I Was Wrong

In the years leading up the 2019 General Conference of the UMC, I had been a strong supporter of the “One Church Plan.” That proposal was intended to keep United Methodism from fracturing over the issue of human sexuality. It would have empowered local churches, conferences, and clergy to decide about LGBTQ+ ordination and same-sex marriage. I liked it because it respected our theological differences while allowing for individual/local differences. It provided a good working definition for the beloved United Methodist term, “pluralism.”

Now, five years later and following the 2024 General Conference, I see just how misguided I was.

Pluralism works when people respect each other. It’s impossible when one group vehemently thinks it’s right and is willing to do questionable things in order to prove its rightness and achieve its goals. How could there have ever been any relationship with those who disaffiliate from their denomination, and then try to influence the General Conference of that denomination after they’ve already left?

My bad, and my naivete. I had forgotten an immutable religious law: You can’t argue with a fundamentalist and expect to get anywhere.

And if I was wrong about this in the religious world, then my too-optimistic view of humanity in areas beyond the church is wrong as well. A local paper with a conservative bent features a syndicated columnist whom my wife thinks must be AI generated. Her articles are often skewed by polarizing generalities. Conservatives uphold God, the church, family values, and what they feel is a patriotic view of American history. Liberals are godless, Marxist, promote secular humanism, and defame America by advocating CRT and DEI.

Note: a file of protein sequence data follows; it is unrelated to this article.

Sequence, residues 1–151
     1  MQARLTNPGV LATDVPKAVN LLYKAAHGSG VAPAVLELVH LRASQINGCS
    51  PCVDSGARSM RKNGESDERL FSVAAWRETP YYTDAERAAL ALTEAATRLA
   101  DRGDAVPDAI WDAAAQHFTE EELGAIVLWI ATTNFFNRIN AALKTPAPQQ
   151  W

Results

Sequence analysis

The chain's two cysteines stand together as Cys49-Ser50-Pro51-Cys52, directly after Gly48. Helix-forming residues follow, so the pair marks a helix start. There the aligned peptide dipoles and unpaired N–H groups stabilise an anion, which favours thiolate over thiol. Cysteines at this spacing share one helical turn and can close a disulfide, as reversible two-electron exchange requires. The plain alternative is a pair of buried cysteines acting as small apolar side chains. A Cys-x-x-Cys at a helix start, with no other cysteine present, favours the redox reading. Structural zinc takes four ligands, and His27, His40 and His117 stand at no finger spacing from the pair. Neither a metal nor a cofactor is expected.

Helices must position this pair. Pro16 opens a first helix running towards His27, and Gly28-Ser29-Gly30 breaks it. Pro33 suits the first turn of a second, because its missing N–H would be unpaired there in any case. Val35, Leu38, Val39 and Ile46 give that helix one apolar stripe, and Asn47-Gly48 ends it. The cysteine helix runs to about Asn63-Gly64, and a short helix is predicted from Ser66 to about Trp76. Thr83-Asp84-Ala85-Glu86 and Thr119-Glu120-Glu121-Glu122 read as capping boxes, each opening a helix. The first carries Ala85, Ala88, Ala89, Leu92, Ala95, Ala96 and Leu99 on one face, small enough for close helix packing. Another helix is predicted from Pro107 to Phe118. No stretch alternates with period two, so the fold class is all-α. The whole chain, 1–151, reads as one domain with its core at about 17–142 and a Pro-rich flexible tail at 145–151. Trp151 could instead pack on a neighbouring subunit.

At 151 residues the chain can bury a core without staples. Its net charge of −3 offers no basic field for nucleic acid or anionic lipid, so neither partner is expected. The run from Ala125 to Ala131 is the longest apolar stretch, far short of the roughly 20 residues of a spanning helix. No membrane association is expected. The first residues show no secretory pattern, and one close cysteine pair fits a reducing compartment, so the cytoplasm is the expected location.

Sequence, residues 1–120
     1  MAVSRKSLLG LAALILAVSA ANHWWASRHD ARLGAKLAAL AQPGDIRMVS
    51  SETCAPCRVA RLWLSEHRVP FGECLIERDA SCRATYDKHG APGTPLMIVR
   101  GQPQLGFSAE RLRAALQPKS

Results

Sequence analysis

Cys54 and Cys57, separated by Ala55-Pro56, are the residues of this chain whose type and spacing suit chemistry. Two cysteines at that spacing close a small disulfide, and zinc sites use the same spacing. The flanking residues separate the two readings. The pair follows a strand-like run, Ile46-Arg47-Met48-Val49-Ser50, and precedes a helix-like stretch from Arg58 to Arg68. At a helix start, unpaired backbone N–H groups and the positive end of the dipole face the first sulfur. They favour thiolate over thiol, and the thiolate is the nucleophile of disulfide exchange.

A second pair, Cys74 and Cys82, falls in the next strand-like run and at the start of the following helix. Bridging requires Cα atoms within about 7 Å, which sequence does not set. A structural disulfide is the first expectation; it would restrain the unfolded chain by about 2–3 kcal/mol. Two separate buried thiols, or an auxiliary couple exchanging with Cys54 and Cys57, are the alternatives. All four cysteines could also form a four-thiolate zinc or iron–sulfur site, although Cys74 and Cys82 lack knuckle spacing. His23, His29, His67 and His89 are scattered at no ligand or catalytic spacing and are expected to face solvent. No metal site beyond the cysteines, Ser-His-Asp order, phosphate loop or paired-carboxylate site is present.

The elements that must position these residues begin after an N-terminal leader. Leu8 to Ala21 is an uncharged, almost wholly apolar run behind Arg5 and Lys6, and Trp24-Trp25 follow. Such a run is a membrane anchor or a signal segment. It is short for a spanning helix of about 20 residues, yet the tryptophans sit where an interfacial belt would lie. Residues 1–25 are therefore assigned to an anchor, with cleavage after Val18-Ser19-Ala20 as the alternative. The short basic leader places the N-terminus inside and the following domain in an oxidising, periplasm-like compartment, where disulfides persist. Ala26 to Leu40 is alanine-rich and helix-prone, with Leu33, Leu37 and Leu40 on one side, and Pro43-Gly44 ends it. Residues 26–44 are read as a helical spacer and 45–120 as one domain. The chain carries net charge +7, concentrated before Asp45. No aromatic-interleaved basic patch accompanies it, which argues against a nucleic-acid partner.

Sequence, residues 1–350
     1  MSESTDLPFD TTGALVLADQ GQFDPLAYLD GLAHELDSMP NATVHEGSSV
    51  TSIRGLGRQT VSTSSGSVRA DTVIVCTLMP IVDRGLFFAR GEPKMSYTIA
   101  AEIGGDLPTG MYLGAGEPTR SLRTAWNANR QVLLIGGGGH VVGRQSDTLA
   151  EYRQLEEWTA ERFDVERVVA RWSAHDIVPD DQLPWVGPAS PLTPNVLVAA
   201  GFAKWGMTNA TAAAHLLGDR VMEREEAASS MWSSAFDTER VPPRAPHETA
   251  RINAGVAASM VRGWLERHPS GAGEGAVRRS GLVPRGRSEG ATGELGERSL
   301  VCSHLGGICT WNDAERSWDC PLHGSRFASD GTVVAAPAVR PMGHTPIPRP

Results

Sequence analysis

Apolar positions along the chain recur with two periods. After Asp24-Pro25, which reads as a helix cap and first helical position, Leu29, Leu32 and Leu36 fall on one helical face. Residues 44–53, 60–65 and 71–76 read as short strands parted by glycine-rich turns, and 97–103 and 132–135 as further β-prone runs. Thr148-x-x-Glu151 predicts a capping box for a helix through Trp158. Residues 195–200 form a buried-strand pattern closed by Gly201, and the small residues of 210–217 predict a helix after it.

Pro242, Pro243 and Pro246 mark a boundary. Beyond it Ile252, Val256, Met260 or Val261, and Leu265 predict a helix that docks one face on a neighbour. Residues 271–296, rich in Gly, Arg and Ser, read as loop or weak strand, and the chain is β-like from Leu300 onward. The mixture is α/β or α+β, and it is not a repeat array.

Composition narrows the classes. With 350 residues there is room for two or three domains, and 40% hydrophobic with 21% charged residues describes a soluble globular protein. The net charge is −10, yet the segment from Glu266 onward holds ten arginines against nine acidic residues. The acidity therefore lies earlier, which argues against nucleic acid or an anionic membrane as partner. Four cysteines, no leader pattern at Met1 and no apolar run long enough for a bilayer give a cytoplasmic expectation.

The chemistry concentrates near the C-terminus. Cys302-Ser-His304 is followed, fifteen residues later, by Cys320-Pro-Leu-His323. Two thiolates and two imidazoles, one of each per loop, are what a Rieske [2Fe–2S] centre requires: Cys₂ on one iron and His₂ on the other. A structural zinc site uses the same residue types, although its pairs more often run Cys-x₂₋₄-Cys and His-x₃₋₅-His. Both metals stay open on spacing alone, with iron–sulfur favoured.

Religiously or societally, extremes make the headlines and drive the posts. All or nothing, good or evil: no thinking required, no critical questions asked. Such divisive extremism brings out the Neanderthal in us…

…and Neanderthals are extinct. If we are to avoid their fate, we must be extremist in an inclusive way. Dr. King famously said that we should be extremists for love and justice. This provides a common ground where we work together, regardless of our differences. Within the kingdom, those differences don’t divide but complement. And some may even be exposed as prejudice masquerading as virtue, so that repentance and healing take place.

Good for the fruit of our latest General Conference, and the decades-long hard work behind it. And good for the vision of a United Methodist church led by inclusive extremists. Its future is promising, and I’m not wrong about that.

8 thoughts on “I Was Wrong”

  1. Greg,
    I, too, thought that “One Church Plan” would be a resolution. However, we all know now that it didn’t even come to the floor. In looking back, the regionalization had to be done first – to respect the culture and position of Methodists in Africa so that they would not experience harm. Then, the US delegates had to take the “log out of their eyes” to see how they were doing harm to their American LGBTQ+ brothers and sisters. Some were not ready to do that so they have disaffiliated. Let us pray that now we will live up to our social principle of LOVE ONE ANOTHER.
    Thank you for sharing your thoughts. Your writings and leadership helped plant the seed for change!

  2. Thanks Greg, from a long time friend and fan….having been there, I can tell you that you exactly on point…..and to be even more direct, we, asa denomination, are now able to get on with Mission and Ministry that affirms all…grateful for you and your wisdom throughout all these years!


Leave a Comment